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  • On Anselm's Trail at Daybreak
  • Kathryn Stripling Byer
    Spring 2004

I looked down and saw herbeside the creek, suddenly youngagain, wrapped in her bluecloak. She stood gazingover the pasture and up to the ridgeas if she knew these parts wellenough to name cove, valley,switchback and summit,each living thing native to thisplace, the wild creaturesbiding their time until springand the tame ones who still dreamedof stories round ancient fires,under a blanket of sky storiesthey could see spreading abovethem if they raised their eyes.Then she turned and I sawshe was not young at all,but a woman my age,with a slight limp from hipjoint or knee gone arthritic,a staff in her hand on whichshe leaned as I leaned onmine. I knew Buffalo Cow Womancame to the Sioux as a maidenwho aged with the seasons,departing an old woman,combing back hale as a young [End Page 54] girl. But Our Lady? Hereshe was, climbing the bank,just ahead of me, bent now,and walking more slowly,as I knew someday I wouldhobble this trail, breathing hardbut still breathing. She vanishedaround the turn, back into fogor a rock crevice, into the storybeginning again with herselftaking shpae on this trail, in the hereand now, this moment,this earth I walk into sunrise. [End Page 55]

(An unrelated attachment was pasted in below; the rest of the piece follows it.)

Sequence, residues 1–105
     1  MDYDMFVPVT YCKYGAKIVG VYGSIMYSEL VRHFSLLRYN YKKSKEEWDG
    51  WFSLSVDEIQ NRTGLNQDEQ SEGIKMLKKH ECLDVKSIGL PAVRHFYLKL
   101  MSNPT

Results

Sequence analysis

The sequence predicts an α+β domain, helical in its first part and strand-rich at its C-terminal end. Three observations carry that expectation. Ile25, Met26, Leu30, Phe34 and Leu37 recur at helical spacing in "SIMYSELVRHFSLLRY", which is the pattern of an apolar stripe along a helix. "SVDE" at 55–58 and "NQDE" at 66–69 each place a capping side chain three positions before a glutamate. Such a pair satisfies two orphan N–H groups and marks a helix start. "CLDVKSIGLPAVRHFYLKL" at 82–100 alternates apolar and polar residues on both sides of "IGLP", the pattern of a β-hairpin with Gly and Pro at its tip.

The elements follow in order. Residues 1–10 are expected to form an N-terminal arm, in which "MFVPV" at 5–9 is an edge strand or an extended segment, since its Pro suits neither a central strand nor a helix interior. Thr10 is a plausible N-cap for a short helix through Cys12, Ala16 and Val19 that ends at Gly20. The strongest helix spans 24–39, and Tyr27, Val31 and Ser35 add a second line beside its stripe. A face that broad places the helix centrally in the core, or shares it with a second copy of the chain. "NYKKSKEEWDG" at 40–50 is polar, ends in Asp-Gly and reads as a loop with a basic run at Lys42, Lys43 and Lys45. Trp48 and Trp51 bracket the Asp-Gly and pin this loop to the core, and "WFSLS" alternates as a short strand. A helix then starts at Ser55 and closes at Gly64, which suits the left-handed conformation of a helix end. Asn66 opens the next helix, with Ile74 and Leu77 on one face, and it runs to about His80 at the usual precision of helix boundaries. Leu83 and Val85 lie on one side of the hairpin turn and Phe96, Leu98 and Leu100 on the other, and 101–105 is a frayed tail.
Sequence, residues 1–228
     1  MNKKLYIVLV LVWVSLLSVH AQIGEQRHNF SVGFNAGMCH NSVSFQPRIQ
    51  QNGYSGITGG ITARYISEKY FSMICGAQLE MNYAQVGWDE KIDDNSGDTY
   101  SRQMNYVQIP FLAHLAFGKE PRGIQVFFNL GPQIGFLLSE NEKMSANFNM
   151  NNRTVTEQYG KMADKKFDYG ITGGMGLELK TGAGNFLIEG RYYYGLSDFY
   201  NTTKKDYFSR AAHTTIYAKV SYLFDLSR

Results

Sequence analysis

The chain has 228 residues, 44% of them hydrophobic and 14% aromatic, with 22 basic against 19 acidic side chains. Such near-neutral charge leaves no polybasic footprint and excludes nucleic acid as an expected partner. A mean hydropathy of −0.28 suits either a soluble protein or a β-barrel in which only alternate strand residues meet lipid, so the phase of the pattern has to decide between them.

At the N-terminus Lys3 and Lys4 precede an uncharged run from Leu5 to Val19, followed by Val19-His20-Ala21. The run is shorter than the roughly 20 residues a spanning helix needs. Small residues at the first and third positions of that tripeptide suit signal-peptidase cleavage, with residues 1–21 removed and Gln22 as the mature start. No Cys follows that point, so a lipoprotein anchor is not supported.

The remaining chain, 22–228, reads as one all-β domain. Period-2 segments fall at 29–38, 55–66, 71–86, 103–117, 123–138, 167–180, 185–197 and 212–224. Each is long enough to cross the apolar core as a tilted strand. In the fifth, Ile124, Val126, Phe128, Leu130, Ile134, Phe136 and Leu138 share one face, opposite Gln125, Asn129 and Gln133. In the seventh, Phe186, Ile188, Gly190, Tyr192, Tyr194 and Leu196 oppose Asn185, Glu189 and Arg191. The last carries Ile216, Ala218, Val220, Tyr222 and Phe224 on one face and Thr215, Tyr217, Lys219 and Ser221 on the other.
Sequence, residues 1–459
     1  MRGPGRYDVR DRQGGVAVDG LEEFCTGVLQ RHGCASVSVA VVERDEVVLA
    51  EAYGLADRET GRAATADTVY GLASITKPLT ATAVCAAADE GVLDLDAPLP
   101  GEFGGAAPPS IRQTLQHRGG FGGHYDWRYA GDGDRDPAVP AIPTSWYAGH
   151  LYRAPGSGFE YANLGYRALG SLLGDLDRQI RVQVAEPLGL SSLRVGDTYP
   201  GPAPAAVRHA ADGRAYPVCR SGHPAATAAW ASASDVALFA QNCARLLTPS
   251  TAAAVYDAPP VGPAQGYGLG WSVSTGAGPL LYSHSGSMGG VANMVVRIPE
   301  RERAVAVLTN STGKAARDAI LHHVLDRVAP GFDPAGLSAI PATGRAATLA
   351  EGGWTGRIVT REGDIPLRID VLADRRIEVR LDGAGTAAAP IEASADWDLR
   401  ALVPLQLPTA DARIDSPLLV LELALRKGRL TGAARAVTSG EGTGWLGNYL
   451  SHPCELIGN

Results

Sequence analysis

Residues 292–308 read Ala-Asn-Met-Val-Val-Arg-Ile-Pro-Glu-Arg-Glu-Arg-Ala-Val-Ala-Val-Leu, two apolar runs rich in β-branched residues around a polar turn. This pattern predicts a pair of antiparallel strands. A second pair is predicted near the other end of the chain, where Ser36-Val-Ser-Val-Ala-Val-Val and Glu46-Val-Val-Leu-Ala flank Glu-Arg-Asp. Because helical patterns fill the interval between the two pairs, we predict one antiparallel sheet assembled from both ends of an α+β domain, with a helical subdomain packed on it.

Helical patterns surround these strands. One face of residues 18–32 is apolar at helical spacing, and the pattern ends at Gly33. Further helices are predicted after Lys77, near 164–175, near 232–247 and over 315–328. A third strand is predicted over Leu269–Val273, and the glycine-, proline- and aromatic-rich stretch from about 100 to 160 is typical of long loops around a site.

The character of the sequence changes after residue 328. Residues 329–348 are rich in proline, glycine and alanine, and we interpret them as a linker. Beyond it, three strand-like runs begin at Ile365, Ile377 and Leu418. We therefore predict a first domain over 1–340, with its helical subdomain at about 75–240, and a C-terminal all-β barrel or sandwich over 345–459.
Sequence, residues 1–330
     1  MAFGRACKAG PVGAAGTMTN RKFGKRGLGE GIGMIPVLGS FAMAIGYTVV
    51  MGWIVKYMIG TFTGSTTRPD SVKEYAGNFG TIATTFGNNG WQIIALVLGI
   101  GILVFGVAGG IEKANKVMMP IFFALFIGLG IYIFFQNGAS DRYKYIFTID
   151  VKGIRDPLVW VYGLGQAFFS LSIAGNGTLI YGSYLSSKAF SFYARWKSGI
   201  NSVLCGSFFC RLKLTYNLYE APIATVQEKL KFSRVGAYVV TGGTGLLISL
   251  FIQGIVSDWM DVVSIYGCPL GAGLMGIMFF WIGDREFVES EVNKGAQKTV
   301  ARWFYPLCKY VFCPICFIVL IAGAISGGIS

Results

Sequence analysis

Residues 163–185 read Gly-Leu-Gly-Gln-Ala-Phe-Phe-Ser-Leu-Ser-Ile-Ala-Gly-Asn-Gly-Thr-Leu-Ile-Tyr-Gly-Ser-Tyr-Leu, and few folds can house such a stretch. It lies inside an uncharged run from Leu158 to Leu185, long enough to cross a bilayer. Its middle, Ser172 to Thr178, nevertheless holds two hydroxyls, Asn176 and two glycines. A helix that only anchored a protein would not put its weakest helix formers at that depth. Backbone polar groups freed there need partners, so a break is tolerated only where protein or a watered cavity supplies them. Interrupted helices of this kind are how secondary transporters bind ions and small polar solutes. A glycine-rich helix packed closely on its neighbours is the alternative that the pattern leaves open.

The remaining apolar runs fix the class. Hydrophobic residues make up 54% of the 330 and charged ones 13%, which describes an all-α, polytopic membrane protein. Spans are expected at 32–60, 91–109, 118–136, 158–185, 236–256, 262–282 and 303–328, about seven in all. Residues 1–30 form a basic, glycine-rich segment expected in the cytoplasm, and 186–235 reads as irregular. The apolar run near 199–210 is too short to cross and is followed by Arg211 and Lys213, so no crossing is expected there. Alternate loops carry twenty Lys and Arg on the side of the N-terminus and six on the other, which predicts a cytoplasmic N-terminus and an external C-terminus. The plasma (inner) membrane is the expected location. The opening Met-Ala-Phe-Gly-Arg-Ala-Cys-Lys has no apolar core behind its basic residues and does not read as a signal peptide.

Kathryn Stripling Byer

Kathryn Stripling Byer was the author of six collections of poetry and The Vishnu Bird, a chapbook released in 2015. She served as North Carolina's fifth poet laureate from 2005-2009, and received the Southern Independent Booksellers Alliance award and the North Carolina Book Award for poetry. She lived beside the Tuckasegee River in the North Carolina mountains, and died on June 5, 2017.



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